The experiment was a success, and Crux is now in the process of lining up works that can be produced with more realistic graphics as well. “Anything that can be imagined can be done in this space, and that makes it really exciting,” says Leavens. But that doesn’t mean that, logistically, some things aren’t easier to produce than others. “I consult with writers and right now, they’re all asking, ‘What can I do with my work?’” says Russell. “At first I was saying, ‘Adapt it,’ but now I’m saying, ‘Forget it—write something new that fits into these spaces.’”
Black Imagination Series | Photograph: Courtesy Crux
Since it is new, and has a built-in potential to reach audiences that have been historically underserved by live theater, XR is especially promising for the artists at Crux. “Because we don’t have the restrictions of a medium that was shaped over hundreds or thousands of years by white men, we can center the Black story as the foundation of what we build the art of XR storytelling to be,” says Leavens. “That is thrilling, and I hope it will have a ripple effect across this medium and others.”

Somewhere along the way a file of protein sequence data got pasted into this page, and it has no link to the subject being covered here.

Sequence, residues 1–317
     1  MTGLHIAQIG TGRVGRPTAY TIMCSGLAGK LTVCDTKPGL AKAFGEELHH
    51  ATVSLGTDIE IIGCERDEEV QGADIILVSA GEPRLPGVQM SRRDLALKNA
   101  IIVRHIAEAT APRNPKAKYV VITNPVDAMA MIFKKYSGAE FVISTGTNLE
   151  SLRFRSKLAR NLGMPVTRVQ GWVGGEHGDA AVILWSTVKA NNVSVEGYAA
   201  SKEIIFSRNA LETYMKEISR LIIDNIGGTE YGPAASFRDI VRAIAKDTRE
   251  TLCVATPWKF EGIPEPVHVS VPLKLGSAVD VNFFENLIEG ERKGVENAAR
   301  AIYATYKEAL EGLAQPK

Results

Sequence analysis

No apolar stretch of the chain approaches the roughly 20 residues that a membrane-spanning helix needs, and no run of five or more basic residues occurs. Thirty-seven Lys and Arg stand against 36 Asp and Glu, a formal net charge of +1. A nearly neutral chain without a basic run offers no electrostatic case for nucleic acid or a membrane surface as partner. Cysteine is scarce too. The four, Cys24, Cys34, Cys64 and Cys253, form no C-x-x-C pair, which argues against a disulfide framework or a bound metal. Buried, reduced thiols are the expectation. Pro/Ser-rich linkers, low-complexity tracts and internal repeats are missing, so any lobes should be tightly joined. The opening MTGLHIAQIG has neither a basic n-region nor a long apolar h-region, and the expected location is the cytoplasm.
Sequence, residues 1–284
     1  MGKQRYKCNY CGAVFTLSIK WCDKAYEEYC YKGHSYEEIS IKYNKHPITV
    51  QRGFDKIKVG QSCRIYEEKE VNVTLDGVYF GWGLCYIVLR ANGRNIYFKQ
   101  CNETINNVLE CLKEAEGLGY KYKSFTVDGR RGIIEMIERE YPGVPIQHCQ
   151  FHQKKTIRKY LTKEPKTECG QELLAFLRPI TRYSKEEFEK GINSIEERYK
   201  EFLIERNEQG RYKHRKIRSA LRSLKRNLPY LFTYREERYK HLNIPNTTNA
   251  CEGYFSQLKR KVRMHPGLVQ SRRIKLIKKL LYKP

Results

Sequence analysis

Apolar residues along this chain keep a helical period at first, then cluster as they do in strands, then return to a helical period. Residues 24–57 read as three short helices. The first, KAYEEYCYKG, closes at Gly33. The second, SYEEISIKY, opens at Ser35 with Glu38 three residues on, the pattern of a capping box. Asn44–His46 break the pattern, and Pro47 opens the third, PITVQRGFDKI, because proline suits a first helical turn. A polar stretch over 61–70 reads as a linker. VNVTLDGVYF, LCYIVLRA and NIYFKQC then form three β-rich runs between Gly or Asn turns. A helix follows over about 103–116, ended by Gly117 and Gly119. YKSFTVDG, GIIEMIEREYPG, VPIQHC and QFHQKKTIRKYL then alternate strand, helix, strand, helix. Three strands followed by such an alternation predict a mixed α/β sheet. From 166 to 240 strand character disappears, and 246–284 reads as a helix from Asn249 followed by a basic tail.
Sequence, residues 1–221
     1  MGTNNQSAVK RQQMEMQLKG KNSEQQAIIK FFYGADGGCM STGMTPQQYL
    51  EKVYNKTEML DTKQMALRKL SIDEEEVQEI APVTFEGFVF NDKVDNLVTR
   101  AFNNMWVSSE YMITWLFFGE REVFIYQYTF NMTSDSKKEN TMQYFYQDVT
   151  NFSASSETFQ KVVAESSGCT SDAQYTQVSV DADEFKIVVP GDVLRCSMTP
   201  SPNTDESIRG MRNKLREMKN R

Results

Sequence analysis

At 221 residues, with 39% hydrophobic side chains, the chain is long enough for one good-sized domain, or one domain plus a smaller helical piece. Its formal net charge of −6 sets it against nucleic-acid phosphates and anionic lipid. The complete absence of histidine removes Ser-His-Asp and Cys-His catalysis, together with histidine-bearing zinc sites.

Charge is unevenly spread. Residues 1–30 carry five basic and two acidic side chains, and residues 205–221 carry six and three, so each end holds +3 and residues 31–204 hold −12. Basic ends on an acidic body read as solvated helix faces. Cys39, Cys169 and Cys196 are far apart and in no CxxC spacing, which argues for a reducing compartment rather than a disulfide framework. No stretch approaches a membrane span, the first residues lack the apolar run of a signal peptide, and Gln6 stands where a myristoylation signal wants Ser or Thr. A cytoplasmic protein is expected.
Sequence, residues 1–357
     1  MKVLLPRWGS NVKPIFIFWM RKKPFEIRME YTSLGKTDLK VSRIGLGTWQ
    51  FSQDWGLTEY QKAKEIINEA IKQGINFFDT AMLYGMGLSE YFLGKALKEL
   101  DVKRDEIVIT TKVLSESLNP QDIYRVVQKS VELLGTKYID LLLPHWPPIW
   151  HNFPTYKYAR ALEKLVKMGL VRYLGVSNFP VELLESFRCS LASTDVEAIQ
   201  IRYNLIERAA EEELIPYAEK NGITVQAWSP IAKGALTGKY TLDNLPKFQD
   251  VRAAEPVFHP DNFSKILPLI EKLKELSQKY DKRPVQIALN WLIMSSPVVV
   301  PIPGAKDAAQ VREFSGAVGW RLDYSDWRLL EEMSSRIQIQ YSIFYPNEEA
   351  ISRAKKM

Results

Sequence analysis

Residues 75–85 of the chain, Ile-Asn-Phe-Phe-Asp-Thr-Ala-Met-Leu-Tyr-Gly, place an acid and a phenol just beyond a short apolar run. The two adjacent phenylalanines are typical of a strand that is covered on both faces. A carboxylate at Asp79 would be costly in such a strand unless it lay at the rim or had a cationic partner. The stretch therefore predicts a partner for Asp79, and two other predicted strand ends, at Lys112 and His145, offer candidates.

For now, much of the cross-pollination between XR and theater is still in its exploratory stages, in part because of the costs associated with creating high-level products, especially in full-length works. “The immediate future is going to be about creating worlds that are interactable and to really focus on budget,” says Musical Theatre Factory’s Powers. “There are ways that we can employ technology to enhance how people experience theater as we currently know it without creating a completely new medium,” adds his colleague Salley. For example, MTF plans to integrate augmented-reality or AR technology—which adds virtual elements to the real world of the viewer (as in, say, Pokémon Go), rather than taking the viewer to a virtual world—into a 2021 production of a new piece by Nia Witherspoon.